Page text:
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Messages - blade1212

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Lets Talk Curry / Re: Tomato puree - or ketchup???
« on: November 01, 2005, 10:49 AM »
I tend to agree . The BIRs I've witnessed don't use any dry spices, so maybe the dry spices are mixed in the red sauce.

Lets Talk Curry / Re: Todays Saturday kitchen - Indian Special
« on: November 01, 2005, 10:47 AM »
any open plan ones I've witnessed used fresh oil. That's not to say the others don't re-use the oil. Maybe it someting they would rather keep behind closed doors anyway.

Lets Talk Curry / Re: Tomato puree - or ketchup???
« on: October 30, 2005, 11:30 AM »
A BIR owner told me his chef uses ketchup in the final dish.

Madras / Re: Prawn Madras & Chicken Balti demo
« on: October 28, 2005, 10:07 PM »
What about a tiny amout of mint sauce. It is very often used in BIR to make Tikka and Pakora sauces.

So - my tip is to warm your base up before you start cooking. I put mine in a pan and heaty it it gently to the point of simmering, then take it off. This means that its going into my pan hot, and its not bringing down the sizzling temps that we need.

Well done Pete.

That's a fair point. I wonder if this is the reason we get so many problems with consistency.

It was a very rich tasting stock flavour - at the time when I was eating it reminded me of the layers of flavour I get when I make chilli con carne - in that I use beef stock and tomatoes (with ketchup). It tasted like a combination of these.

To my knowledge, beef stock has not been mentioned in any BIR recipe I've seen  so this is potentially another rabbit hole to explore :)

That sauce itself was err...meduim brown :) You could tell it carried a *lot* of oil. It was presented in a blackened Karahi metal bowl. There was no floating oil in the dish but the sauce had that distinctive sheen where the oil was all suspended in the sauce. The sauce was very thick.. thick to the point that the chicken tikka was also suspended in the sauce rather than sinking to the bottom of the Karahi bowl. It is really difficult to explain what sets this curry apart from most of the usual curries, but there was a real depth to the taste - there was a very a strong stock taste along with a subtle spice mix which is miles away from my current home made efforts - maybe it's down to their mix of curry powder or garamasala. It had minimal fresh coriander and green chillies as a garnish.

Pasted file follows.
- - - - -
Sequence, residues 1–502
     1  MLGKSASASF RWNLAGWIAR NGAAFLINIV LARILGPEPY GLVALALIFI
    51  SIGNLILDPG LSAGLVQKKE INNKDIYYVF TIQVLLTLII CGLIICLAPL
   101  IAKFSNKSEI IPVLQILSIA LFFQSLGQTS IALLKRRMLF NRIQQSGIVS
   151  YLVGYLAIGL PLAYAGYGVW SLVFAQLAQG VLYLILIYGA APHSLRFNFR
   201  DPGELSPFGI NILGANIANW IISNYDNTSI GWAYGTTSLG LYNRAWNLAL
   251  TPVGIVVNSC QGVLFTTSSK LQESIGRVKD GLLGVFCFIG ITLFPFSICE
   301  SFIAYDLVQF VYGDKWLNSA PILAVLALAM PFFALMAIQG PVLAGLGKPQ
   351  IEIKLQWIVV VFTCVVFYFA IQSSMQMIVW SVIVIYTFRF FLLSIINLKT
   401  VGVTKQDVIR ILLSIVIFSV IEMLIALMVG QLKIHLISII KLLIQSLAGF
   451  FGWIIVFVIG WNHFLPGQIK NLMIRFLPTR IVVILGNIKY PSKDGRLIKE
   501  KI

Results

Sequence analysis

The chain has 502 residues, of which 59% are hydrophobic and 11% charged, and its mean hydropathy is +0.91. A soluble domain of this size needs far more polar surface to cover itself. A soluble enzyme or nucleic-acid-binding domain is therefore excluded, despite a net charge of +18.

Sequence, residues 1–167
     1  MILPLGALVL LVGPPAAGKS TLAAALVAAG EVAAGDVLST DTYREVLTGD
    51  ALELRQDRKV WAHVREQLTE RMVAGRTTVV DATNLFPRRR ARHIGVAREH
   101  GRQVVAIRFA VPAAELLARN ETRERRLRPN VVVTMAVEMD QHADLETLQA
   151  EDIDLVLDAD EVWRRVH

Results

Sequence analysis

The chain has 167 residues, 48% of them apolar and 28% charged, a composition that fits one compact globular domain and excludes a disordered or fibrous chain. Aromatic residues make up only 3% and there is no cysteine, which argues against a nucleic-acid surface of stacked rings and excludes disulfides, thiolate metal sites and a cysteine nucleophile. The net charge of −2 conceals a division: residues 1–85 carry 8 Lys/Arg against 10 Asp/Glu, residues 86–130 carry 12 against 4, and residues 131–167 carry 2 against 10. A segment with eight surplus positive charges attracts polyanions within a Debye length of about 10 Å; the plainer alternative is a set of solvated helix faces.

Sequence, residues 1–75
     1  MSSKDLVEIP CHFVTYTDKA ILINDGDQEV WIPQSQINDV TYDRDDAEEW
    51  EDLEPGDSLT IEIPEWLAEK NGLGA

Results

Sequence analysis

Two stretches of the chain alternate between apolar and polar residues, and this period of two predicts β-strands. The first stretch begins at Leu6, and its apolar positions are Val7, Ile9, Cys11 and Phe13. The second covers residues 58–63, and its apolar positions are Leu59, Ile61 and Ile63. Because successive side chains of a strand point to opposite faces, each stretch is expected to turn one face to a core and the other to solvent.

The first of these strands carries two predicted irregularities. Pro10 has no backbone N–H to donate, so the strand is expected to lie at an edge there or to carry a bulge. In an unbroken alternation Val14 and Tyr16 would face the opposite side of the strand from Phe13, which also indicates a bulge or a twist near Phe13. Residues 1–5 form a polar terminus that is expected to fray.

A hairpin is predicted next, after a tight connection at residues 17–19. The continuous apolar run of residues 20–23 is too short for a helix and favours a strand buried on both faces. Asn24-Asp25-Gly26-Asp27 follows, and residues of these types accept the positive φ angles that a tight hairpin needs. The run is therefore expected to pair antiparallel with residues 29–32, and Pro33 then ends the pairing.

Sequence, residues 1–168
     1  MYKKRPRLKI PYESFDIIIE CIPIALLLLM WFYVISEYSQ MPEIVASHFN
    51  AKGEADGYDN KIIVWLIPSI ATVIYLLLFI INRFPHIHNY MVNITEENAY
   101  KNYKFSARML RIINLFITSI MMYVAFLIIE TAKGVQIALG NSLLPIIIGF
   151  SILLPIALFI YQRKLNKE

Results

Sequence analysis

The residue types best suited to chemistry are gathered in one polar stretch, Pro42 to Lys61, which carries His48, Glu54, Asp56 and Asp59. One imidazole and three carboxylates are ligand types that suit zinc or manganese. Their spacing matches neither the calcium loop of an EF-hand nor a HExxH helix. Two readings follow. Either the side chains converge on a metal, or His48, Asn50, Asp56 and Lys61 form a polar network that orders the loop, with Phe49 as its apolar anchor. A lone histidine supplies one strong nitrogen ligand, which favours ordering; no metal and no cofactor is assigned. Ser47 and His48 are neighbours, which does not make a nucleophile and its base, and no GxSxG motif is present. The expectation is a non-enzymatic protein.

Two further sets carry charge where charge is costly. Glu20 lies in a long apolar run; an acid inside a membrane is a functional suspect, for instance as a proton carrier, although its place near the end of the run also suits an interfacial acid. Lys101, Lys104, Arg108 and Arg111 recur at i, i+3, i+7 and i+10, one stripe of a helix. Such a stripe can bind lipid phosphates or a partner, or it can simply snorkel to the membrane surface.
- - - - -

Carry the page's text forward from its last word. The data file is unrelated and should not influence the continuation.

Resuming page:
That's the same brand of curry powder I use and I've had mixed results in the past. If this is "the taste" that I'm looking for then the majority of this must be related to technique. I wonder if the hot oil draws out the taste from the curry powder.

Do you use any garamasala in the final dishes  - if so does it make a difference to you ?

Can you tell us what curry powder/mix you use ?

Ashton Lane

The food was awesome. I've actually eaten here before and it was OK at the time, but may last visit re-ignited my view of what "the  taste" really is and how far I'm actually away from re-creating it at home it in reality.

Firstly, the Chicken Pakora was so succulent and the Nan Brad was the best I've tasted in a long long time.

For the main course I had Chicken Tikka Karahi Bhuna Madras which was amazing. In fact it is the best curry I've had in the last 10 years.

I remember posting a while back that curries from years ago were much better than the ones you get served up today - this one was a blast from the past !!!

PS. I've heard the "Wee Curry Shop" which is just across the road on Ashton Lane is very good also - so that's my next visit. Interestingly Ashoka (aka Harlequin Leisure) have a few restaurants dotted around the West of Scotland and they are not all equal - in fact, the "Ashoka Shack" currys shops are very very poor. On the other hand, Ashoka South Side in Clarkston used to be stunning, but I've not been there for years.

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